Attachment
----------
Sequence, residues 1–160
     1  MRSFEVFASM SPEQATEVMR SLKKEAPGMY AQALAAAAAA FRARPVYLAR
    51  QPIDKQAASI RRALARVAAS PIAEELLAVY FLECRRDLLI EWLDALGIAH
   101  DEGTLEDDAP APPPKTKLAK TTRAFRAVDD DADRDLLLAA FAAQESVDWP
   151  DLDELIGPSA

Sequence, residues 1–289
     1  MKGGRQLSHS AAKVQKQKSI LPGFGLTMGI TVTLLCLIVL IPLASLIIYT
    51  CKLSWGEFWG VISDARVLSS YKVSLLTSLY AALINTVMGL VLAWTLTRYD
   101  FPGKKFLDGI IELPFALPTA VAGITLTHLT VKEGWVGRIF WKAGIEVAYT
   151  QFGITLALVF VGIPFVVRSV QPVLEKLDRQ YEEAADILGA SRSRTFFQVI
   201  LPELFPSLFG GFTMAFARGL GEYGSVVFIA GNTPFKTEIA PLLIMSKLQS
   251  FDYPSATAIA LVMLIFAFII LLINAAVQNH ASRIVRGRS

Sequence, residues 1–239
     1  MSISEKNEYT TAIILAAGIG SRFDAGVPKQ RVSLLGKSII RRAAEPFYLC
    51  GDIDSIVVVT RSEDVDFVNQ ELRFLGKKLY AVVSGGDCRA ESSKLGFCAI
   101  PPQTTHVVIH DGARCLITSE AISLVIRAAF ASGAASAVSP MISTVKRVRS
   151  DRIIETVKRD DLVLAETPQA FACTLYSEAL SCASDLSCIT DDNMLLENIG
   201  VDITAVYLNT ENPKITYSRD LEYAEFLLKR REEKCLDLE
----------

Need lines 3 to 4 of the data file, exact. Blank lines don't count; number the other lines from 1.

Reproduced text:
    51  QPIDKQAASI RRALARVAAS PIAEELLAVY FLECRRDLLI EWLDALGIAH
   101  DEGTLEDDAP APPPKTKLAK TTRAFRAVDD DADRDLLLAA FAAQESVDWP